Future of the space communications industry, by AlixPartners

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What does the future hold for the space industry, especially the space commercial-communications industry? AlixPartners, the global consulting firm, has released a report with these six predictions:

Amazing Technological Advances – Five years from now, we will likely see multiple satellites in orbit with terabyte capacities and the vehicles used to launch them could be routinely reused. With so much entrepreneurial interest—$5 billion in venture capital investment in space opportunities over the last five years— fast-paced advancements will continue. The downside, of course, is that today’s systems will become obsolete quicker.

Some Planned Constellations May Not Get Off The Ground –  Current FCC applications for non-geostationary orbit (NGSO) constellations total an estimated 16,000 spacecraft, with AlixPartners estimating $50 billion to $100 billion would be needed to develop and deploy them all. With the worldwide industry currently at $20 billion, the size of the investment needed makes it unlikely all constellations will be funded.

Average Revenue Per Unit (ARPU) Might Remain Flat At Best – Even with exciting new markets like driverless cars, the Internet of Things, and commercial airline connectivity increasing demand for satellite broadband, AlixPartners predicts ARPU will most likely remain stubbornly flat over the next five years. The number of bytes consumers transmit and receive will greatly increase, but the price per byte will decline.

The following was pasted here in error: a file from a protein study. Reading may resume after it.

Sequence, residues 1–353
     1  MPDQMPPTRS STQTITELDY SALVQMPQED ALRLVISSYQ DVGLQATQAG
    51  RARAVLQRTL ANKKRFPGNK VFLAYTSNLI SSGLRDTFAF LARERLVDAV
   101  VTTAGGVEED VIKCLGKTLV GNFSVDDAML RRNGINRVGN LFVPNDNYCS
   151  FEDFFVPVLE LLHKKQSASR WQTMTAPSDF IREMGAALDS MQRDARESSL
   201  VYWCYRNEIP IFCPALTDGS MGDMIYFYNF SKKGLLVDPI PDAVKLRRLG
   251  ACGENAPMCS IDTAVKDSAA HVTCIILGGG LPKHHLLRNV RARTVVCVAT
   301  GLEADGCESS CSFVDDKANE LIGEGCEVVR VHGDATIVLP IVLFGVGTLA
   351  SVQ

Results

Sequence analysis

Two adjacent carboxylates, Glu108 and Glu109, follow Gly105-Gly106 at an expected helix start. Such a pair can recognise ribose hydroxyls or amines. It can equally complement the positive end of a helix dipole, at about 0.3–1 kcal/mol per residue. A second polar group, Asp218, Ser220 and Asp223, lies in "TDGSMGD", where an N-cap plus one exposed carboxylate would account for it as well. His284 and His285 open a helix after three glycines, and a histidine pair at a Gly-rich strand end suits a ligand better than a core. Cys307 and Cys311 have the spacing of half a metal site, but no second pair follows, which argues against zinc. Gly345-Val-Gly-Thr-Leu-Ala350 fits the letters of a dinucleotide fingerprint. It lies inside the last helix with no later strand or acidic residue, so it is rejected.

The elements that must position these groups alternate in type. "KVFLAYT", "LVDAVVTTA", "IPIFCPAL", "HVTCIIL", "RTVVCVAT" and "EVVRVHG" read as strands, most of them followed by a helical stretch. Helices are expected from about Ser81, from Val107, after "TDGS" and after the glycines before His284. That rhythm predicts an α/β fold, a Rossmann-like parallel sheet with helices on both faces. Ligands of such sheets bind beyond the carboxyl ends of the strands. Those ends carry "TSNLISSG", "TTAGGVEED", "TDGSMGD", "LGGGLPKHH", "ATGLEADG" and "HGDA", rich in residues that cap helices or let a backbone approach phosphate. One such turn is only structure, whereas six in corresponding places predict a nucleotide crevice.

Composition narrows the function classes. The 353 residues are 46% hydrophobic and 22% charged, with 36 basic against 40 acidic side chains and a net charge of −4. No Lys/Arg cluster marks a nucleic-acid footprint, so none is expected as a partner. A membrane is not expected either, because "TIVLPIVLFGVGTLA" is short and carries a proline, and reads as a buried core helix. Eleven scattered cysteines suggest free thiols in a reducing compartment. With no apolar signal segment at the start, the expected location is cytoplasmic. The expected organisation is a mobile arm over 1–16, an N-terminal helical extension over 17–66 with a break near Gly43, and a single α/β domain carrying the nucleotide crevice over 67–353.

Competition from Terrestrial Providers Will Remain Fierce – Communication service is largely a commodity, and price will rule. Current satellite broadband service in the U.S. costs $2 to $10 per megabit per second per month. By comparison, terrestrial services from cable or fiber optics are often less than $1 with no data limits. Unless satellite providers match price, they’ll be relegated to customers of last resort.

Satellite Bandwidth Capacity Could Outpace Demand  – Even though bandwidth demand will increase over the next five years, those increases could be smaller than projected, due to price sensitivity and other factors. For instance, demand for commercial aircraft broadband service will likely be dampened by customers’ unwillingness to pay more than $5-$10 per flight, according to AlixPartners’ estimates.

Billionaire and Sovereign Investors Will Continue To Pressure Commercial Providers – Rich individuals and sovereign investors will continue to invest in the industry, not necessarily for short-term financial return but based on interest. Because these investors are willing to ride out lower returns for longer periods, they will likely increase competitive pressure on commercial providers.

All of these factors could lead to major industry changes, including consolidation or restructuring or even exits. Companies need to focus on affordability. Even 5% to 10% cost reductions could make them much more competitive. Companies also must offer more than generic capacity, and additional services that can’t be offered by other players.

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